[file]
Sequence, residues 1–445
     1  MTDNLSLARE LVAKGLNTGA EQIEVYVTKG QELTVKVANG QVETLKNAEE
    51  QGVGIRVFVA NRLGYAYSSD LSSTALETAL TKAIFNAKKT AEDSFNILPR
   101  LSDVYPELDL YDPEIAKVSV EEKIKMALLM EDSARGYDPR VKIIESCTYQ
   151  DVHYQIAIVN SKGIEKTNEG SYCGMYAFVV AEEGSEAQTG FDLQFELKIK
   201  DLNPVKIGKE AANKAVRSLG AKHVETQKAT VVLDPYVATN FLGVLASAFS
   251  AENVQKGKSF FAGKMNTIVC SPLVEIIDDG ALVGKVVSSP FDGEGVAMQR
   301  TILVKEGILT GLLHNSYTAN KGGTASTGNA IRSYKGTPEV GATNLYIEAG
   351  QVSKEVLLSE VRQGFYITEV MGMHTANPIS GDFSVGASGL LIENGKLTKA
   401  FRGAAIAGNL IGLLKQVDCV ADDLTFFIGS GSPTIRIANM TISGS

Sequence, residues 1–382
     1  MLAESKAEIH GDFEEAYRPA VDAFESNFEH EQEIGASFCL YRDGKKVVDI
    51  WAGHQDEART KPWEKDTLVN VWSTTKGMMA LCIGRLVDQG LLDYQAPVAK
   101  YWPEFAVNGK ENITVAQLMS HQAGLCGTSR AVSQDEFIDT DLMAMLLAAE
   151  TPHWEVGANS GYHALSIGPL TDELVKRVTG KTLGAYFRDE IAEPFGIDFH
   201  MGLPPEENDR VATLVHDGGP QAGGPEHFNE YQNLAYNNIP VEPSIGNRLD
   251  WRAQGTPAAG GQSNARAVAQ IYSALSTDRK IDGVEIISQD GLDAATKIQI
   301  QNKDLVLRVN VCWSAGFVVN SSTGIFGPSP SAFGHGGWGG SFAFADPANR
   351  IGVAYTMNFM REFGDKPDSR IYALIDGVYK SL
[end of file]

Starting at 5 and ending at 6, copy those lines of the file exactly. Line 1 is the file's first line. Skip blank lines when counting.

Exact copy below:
   151  DVHYQIAIVN SKGIEKTNEG SYCGMYAFVV AEEGSEAQTG FDLQFELKIK
   201  DLNPVKIGKE AANKAVRSLG AKHVETQKAT VVLDPYVATN FLGVLASAFS